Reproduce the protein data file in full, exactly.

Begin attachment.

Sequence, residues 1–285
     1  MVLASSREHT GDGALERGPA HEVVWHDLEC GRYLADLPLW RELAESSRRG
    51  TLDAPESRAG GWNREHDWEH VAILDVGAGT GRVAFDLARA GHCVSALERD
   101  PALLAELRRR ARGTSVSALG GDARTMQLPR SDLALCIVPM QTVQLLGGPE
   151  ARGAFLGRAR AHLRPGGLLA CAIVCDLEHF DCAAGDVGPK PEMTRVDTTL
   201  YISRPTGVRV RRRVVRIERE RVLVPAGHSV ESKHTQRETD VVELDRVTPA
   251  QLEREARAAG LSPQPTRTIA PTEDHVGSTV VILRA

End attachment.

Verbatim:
Sequence, residues 1–285
     1  MVLASSREHT GDGALERGPA HEVVWHDLEC GRYLADLPLW RELAESSRRG
    51  TLDAPESRAG GWNREHDWEH VAILDVGAGT GRVAFDLARA GHCVSALERD
   101  PALLAELRRR ARGTSVSALG GDARTMQLPR SDLALCIVPM QTVQLLGGPE
   151  ARGAFLGRAR AHLRPGGLLA CAIVCDLEHF DCAAGDVGPK PEMTRVDTTL
   201  YISRPTGVRV RRRVVRIERE RVLVPAGHSV ESKHTQRETD VVELDRVTPA
   251  QLEREARAAG LSPQPTRTIA PTEDHVGSTV VILRA